There are many levels of accessibility possible for a Website or application.  Although The World Wide Web Consortium (W3C) has gone to great lengths to publish accessibility standards for various devices, including Web and mobile, I have rarely found clients who want to implement Websites or Web applications to these most rigorous standards.

And yet…requests for keyboard do crop up with regularity, particularly in Web applications that are used day in and day out.  Mice have never been the most efficient means of entering data. If you’re doing data entry on a regular basis, you want a way to get to your standard functions pretty quickly.

The W3C publishes a recommendation: “Keyboard Accessible: Understanding Guideline 2.1” explaining how make a Website or Web application entirely accessible via a keyboard. It’s comprehensive in scope.

Another detailed explanation of keyboard mapping can be found in the Best Practices section of Web Accessibility. Here, the guidelines include about a dozen technical guidelines, including:

  • Ensure all active elements receive keyboard focus
  • Ensure the tab order of interactive elements on the page is logical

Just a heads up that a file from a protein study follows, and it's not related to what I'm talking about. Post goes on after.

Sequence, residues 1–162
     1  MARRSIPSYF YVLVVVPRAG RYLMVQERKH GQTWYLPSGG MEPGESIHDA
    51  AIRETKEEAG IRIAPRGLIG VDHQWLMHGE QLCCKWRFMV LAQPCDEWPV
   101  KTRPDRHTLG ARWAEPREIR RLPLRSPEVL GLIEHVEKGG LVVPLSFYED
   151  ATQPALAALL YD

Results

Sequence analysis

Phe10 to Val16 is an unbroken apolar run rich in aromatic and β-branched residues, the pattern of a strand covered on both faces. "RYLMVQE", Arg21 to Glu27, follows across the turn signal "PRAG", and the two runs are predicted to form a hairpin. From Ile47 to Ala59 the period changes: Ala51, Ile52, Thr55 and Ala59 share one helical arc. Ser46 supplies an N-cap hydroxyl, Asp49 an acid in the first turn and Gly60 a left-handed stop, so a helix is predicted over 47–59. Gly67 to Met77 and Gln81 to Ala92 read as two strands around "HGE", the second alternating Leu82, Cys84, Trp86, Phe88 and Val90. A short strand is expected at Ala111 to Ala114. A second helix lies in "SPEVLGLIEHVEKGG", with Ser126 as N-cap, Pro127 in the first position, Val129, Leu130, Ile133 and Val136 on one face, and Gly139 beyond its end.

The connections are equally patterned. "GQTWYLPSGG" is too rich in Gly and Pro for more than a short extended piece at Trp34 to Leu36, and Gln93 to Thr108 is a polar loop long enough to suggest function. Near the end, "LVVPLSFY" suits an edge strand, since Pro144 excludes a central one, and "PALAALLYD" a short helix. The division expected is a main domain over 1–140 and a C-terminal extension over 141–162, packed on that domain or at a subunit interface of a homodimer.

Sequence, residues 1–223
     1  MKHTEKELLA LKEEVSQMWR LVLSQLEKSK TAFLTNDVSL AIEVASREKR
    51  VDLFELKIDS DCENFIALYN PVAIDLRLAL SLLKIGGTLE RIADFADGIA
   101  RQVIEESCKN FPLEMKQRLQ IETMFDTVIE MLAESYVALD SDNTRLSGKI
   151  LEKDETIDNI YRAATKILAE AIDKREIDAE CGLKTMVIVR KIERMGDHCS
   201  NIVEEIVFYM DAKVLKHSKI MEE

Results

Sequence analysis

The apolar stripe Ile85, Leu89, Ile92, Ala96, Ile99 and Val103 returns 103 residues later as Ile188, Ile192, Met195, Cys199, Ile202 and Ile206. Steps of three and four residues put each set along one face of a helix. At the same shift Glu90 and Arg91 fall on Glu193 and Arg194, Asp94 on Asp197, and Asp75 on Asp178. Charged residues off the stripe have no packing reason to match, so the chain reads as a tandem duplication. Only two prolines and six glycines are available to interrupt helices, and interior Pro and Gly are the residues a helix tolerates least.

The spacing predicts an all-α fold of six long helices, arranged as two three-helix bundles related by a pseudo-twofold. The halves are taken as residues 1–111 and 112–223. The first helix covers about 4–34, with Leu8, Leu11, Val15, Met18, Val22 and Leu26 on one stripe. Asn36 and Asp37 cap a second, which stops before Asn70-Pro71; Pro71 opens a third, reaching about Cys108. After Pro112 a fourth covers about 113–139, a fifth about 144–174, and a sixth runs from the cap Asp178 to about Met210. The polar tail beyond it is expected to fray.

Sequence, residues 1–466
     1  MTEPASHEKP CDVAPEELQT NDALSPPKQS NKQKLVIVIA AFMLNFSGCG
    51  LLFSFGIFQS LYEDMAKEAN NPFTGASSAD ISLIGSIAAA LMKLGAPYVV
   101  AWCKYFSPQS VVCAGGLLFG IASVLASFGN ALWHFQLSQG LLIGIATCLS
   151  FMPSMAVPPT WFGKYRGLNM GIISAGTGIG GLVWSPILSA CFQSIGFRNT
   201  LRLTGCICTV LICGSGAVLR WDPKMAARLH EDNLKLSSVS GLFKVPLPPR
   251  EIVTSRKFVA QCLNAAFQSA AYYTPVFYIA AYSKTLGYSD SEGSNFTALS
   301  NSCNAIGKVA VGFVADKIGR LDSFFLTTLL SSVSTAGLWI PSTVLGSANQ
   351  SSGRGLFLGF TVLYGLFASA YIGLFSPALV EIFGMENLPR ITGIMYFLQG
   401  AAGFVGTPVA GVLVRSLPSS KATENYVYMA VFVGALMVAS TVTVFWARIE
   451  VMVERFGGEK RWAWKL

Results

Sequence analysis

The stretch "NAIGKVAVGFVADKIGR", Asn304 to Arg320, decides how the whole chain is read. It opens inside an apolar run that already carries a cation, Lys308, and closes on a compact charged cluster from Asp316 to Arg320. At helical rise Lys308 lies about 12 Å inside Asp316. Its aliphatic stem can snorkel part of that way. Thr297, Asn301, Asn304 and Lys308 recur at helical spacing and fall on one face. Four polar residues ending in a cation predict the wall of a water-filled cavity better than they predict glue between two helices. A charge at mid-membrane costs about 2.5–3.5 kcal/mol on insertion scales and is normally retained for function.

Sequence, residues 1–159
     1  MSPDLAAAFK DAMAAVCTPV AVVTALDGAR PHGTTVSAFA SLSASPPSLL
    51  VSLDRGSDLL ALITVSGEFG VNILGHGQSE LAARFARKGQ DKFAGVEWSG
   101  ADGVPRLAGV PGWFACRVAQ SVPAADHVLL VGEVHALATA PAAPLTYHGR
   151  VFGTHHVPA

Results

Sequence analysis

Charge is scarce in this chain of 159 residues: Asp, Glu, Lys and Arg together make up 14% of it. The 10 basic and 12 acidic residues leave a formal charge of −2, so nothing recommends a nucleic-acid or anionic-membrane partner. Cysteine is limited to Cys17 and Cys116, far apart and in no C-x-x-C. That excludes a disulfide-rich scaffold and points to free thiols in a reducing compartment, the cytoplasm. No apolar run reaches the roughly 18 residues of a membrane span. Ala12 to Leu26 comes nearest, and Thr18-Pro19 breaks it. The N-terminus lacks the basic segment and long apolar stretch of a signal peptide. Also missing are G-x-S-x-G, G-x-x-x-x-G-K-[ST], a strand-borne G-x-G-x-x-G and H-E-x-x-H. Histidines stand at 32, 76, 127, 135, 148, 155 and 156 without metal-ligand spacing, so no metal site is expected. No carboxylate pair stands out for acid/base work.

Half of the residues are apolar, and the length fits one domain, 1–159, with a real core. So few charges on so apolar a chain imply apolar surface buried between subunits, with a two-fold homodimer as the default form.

• provide access keys for frequently used functions

Just these three guidelines alone will go a long ways to helping any Web application or Website become easier to use with a keyboard.

Blogger Damian Edwards has another, savvy take on the subject of keyboard mapping in his post: “The Web is the new Terminal: Are you using the Web’s Keyboard Shortcuts and Hotkeys?”

Edwards points to some prominent examples of “awesome” keyboard support for Websites and Web applications, including Twitter and Google Mail.

Here are Twitter’s Keyboard Shortcuts, as published on their “Help” menu:


Simple, yes?  They’re pretty easy to remember – like “F” for “Favorite,” “T” for “Re-tweet” and “R” for “Reply.” I also especially like the use of the “/” key for “Search.”

The use of “G” + another letter to “go to” a section of the site is repeated in Gmail. It’s a great idea, and MUCH simpler for users to remember than such awkward (and hard to remember) keyboard combinations for main navigation as  Alt+Shift++some other key.

If you’re not out to provide accessibility, but are mostly interested in enabling your users and providing speed and efficiency, a combination of basic navigation “shortcuts” such as found on Twitter and Gmail, and a basic implementation of navigation through fields based on keyboard focus (with overall navigation keys such as “tab” and the arrow keys) provides an excellent combination of help for the keyboard-oriented user.


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